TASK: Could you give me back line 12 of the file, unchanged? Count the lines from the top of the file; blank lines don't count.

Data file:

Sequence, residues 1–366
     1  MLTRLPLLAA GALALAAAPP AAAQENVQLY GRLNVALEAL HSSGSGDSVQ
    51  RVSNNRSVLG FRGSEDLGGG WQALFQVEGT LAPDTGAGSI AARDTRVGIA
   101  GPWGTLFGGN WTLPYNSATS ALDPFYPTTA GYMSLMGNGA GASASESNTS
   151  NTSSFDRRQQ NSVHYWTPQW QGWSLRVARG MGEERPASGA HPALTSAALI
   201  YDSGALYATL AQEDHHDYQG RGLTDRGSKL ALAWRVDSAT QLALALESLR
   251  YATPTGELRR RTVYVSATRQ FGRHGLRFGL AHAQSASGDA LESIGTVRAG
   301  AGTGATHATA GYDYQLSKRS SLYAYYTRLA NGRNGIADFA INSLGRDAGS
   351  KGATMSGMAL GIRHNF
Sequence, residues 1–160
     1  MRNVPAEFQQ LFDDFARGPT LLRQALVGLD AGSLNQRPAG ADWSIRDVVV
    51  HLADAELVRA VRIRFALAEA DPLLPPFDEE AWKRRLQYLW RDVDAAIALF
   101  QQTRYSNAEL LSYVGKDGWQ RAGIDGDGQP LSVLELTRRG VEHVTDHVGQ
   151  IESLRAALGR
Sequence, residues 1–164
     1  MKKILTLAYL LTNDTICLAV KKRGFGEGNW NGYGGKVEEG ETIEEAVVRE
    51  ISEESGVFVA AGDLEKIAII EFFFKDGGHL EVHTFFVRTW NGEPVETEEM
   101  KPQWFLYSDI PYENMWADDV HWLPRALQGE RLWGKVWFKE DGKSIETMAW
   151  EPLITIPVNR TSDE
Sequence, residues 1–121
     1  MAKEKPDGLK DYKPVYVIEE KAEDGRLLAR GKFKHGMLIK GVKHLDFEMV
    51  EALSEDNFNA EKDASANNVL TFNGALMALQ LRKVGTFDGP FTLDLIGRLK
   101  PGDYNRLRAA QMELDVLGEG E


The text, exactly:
    51  HLADAELVRA VRIRFALAEA DPLLPPFDEE AWKRRLQYLW RDVDAAIALF